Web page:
The Importance of being Ms. Marvel

I recently started the Ms. Marvel comic series and was so surprised by how not cliche it was, I felt I had to write about it.

So Ms. Marvel is actually average Brown girl Kamala Khan. As soon as I realised the main character was a female Muslim I internally groaned, expecting the entire series to just be some poor attempt at stereotyping, whilst pretending to not be stereotyping because the character is good. Or something like that, you get the picture.

But that is not the case with this series. Nothing about her personality is to do with her being brown or Muslim. Although some stereotypes of muslim parents is brought into the writing, it is never to make them seem like bad parents. It is usually just to move the plot forward.

Her life as a superhero begins when she wishes to be like Captain Marvel. Long story short, her wish comes true and she transforms into a blonde white woman with all the ideal body measurements to make gross men stare. Then Kamala decides that that is shit and gets her own costume that is made with some Muslim attire (a nice tough imo), and allows her to remain brown.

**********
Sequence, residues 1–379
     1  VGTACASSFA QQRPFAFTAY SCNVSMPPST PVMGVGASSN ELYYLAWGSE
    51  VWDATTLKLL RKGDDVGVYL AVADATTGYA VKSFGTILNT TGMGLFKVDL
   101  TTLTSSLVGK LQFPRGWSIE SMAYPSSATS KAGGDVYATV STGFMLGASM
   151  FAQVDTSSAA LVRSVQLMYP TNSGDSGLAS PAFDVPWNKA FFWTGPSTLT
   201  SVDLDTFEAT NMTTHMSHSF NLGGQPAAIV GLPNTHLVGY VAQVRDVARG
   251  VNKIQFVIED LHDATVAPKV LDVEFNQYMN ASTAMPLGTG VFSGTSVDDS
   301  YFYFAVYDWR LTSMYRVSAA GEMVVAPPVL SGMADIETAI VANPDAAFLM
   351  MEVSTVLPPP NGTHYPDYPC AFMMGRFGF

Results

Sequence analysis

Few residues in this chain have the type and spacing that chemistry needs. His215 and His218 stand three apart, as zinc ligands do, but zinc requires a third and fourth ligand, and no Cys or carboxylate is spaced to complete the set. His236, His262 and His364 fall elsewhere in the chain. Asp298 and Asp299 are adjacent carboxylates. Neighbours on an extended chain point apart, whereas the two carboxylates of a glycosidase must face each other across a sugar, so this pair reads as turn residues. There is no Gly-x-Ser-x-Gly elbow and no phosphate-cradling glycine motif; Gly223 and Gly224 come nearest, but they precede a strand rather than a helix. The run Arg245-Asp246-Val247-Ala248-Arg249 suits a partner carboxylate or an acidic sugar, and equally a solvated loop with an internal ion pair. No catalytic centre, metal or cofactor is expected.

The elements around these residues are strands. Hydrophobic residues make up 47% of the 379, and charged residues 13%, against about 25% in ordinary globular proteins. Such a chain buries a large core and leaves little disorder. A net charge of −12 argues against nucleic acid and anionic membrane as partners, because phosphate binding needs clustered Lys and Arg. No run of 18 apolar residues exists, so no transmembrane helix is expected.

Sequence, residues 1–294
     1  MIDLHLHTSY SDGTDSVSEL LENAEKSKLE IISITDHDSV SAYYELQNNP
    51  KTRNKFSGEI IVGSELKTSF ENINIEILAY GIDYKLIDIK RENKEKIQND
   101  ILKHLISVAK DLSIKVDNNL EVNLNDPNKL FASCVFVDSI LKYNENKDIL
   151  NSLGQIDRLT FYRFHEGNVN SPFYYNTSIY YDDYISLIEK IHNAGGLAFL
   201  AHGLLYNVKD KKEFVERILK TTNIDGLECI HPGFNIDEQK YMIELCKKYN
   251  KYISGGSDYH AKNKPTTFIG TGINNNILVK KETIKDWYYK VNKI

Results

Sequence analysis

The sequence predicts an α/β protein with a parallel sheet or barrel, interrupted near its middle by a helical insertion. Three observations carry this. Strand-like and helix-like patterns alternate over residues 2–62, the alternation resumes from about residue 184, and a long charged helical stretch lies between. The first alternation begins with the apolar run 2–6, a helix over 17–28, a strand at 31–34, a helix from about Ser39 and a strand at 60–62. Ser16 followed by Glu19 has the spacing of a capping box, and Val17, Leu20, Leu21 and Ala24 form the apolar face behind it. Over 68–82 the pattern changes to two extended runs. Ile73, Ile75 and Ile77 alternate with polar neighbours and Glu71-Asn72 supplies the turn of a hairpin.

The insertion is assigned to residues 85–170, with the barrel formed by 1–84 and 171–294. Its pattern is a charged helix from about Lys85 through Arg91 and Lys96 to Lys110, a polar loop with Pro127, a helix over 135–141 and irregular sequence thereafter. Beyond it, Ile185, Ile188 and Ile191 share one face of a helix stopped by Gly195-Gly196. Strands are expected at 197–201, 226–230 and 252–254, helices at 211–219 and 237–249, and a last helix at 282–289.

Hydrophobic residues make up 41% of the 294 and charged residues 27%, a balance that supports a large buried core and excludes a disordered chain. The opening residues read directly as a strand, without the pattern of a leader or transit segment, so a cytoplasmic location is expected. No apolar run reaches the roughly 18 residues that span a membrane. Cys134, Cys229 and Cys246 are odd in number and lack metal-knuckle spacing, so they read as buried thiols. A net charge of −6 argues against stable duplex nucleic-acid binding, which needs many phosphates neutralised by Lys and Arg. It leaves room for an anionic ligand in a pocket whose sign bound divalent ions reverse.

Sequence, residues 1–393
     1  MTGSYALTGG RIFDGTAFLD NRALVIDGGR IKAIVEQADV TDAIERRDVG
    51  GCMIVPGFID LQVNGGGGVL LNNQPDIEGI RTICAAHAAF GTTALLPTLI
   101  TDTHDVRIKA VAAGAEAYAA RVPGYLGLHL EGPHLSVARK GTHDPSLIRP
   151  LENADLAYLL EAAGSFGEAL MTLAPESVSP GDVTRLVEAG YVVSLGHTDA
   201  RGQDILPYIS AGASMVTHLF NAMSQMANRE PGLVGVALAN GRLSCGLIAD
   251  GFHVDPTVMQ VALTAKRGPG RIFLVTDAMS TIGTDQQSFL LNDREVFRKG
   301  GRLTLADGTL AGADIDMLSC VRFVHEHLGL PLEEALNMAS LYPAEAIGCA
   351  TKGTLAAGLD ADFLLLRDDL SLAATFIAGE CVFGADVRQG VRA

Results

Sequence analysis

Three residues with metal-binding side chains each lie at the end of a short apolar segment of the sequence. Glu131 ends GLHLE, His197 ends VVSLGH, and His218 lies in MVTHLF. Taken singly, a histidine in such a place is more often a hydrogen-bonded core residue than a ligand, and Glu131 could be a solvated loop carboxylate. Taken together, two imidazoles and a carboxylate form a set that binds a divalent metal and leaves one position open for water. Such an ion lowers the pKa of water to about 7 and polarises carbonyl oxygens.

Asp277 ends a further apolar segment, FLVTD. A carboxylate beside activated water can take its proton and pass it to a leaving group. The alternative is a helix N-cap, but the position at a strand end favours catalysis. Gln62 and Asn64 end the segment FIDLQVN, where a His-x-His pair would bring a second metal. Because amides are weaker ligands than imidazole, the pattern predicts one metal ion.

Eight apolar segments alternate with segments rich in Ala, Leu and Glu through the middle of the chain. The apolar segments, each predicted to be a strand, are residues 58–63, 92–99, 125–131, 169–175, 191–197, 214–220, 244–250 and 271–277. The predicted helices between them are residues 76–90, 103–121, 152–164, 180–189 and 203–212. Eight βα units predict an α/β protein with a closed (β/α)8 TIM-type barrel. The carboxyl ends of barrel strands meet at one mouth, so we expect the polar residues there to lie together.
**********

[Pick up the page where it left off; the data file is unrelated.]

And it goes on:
Popular culture recently, particularly on TV, doesn’t really fit with me when they go out of their way to make a character black, gay or Jewish or whatever. It seems like they don’t let you forget that the character is exactly that. Whereas with Ms. Marvel you are never really thinking about the fact the hero is a brown Muslim (except for now, whilst I’m writing this).

That’s what makes it so important. Whenever someone pictures comics and their characters, you think of hypersexualised white men and women. Because that’s what it mostly is. This series is nowhere near that. It’s an inclusive series that made me for the second time in my life realise graphic novels are great. The first time was when I was about seven.

And on that note, I ought to say…comics are not just for kids! I would highly recommend this series to anyone who enjoys beautiful artwork and has a sense of humour.


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